The Movement Disorders Clinic at the Hospital das Clínicas has 450 registered patients diagnosed with idiopathic PD. According to sample calculation with an estimation error of 10 and 95% of significance level, a sample of 27 individuals with PD was obtained. The inclusion criteria for for the PD group were: male individuals with PD diagnosis according to the United Kingdom PD Society Brain Bank Clinical Diagnostic Criteria and individuals at stages 1 to 3 of the Hoehn-Yahr scale of disability12. The exclusion criteria were: to have a history of vocal and laryngeal disorders; to be diagnosed with other associated neurological disease; to not understand the tasks required to assess vocal speech and present inability to respond to the Voice-Related Quality of Life (V-RQOL) protocol13.
The inclusion criteria for the Control Group were: male individuals without the disease and age matched with the group of individuals with PD. The exclusion criteria for the Control Group were: to be diagnosed with neurological disease and/or history of voice and laryngeal disorders; to not understand the tasks required and to present inability to respond to the V-RQOL protocol.
The group of individuals with PD was composed of 27 male individuals, with ages ranging from 39 to 79 years-old and a 59.96 average of age, who attended the service for neurological consultation. All participants were using one or more medications for PD, such as Sifrol, Amantadine, Levodopa, Entacapone, Sinemet, Biperiden, Bromocriptine, Artane, and Niar. The Control Group consisted of 27 male individuals, with ages ranging from 42 to 82 years-old and 59.48 average of age, who fit the inclusion and exclusion criteria of the study, being caregivers of patients.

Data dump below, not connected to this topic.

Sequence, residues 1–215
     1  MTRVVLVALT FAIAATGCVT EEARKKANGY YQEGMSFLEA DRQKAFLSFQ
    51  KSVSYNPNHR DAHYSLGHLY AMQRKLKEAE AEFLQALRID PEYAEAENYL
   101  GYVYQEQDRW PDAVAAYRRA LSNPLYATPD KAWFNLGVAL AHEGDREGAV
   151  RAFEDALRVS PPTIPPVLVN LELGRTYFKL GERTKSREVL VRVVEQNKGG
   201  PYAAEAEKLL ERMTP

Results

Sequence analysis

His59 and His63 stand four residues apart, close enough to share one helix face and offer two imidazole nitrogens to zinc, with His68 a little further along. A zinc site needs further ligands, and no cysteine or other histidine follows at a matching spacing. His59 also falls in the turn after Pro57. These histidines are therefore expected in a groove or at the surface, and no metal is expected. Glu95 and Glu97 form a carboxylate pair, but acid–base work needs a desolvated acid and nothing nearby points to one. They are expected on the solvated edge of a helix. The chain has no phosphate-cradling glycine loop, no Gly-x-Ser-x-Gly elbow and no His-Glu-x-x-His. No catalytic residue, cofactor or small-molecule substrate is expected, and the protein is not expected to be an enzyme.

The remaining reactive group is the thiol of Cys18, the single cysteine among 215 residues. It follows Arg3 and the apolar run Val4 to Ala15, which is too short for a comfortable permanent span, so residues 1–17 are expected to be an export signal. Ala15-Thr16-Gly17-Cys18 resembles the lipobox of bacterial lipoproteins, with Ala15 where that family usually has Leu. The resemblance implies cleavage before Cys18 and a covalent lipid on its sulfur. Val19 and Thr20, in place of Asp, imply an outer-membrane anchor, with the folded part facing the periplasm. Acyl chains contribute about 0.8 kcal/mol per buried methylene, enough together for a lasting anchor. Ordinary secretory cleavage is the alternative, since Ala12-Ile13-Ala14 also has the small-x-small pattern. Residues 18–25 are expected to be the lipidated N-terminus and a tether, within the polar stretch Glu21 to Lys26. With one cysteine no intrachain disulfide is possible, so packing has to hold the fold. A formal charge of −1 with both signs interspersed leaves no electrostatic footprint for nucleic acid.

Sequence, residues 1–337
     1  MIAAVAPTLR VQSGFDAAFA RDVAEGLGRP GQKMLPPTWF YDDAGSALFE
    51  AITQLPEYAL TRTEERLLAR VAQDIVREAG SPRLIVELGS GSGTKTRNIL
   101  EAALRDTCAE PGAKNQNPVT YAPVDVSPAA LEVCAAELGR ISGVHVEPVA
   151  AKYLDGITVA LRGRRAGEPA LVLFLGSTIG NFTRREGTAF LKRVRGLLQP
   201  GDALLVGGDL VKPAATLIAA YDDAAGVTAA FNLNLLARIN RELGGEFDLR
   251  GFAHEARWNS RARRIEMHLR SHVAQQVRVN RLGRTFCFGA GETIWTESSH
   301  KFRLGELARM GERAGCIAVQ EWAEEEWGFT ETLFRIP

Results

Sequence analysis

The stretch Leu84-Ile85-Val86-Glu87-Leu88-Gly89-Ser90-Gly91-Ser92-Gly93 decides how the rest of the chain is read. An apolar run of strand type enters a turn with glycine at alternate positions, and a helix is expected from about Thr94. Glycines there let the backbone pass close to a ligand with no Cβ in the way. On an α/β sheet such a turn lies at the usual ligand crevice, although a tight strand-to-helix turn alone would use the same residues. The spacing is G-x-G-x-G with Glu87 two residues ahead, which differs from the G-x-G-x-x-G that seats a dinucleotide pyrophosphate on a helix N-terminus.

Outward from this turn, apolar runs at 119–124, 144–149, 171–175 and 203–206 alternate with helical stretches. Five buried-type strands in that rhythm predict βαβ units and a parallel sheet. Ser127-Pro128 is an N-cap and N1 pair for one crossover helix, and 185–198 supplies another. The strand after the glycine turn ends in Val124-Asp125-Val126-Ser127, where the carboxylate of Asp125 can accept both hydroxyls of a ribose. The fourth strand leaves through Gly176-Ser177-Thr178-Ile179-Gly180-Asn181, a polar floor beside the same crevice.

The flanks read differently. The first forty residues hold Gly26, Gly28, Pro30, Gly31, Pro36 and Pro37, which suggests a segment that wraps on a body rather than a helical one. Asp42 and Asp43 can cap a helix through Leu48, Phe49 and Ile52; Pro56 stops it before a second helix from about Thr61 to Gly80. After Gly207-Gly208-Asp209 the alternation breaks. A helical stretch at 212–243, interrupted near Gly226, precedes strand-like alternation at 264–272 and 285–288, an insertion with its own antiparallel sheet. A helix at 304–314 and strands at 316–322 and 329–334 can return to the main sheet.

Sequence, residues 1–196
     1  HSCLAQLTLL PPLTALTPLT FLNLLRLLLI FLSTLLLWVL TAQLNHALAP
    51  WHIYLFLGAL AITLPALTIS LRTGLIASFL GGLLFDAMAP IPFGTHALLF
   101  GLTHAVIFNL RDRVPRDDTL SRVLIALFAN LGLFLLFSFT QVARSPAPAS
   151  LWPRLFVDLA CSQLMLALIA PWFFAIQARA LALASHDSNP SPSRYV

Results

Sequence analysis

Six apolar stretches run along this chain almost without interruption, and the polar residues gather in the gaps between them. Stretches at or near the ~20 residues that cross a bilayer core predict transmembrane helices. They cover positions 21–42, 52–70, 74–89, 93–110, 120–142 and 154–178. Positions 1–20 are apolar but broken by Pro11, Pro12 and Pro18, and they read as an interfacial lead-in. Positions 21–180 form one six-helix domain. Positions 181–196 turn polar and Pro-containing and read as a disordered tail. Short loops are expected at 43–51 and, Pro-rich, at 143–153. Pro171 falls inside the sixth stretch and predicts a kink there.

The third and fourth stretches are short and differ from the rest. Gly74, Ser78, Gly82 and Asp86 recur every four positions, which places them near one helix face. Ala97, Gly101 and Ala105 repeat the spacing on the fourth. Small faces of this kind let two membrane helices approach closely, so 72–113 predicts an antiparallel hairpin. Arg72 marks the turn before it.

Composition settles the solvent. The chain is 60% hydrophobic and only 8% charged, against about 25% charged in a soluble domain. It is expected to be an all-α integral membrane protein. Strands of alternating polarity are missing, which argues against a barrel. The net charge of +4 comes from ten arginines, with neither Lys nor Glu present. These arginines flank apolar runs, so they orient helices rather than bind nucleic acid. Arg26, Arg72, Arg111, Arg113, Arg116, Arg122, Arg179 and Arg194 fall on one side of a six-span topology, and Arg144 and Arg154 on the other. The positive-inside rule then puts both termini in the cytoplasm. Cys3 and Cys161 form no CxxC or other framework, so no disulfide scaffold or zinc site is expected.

The patients underwent a voice and speech recording by: sustained vowel /a/, counting 1 to 20, and days of week. To perform the data analysis and recording, a Dell® computer, Optiplex GX260 model, with Direct Sound® professional sound board was used, which is available in the Speech and Language Therapy Clinic of Hospital das Clínicas. The recording was performed in a soundproof booth, and the individuals were standing, using a headset microphone AKG 170®(Austria). Voice capture was performed using the CSL, Kay Elemetrics®, MDVP module and the Audacity program, version 1.3 Beta.
After recording the sound wave, the following parameters were selected for acoustic analysis: fundamental frequency in Hertz, jitter in percentage, shimmer in percentage, and harmonic-to-noise ratio (NHR) in dB.
The GRBAS, which considers G as the overall degree of dysphonia, R as roughness, B as breathiness, A as asthenia, and S as strain, parameters were used for perceptual evaluation, proposed by the Japanese Society of Logopedics and Phoniatrics14, which considers G as the overall degree of dysphonia, R as roughness, B as breathiness, A as asthenia, and S as strain. It was also analysed the instability parameter as I, which was later introduced15. On this scale, the appraiser must indicate in the changed parameters which are the degrees of deviation on a numerical scale ranging from 0 to 3. It was considered 0 as no change, 1 as mild change, 2 as moderate change, and 3 as an amendment intense.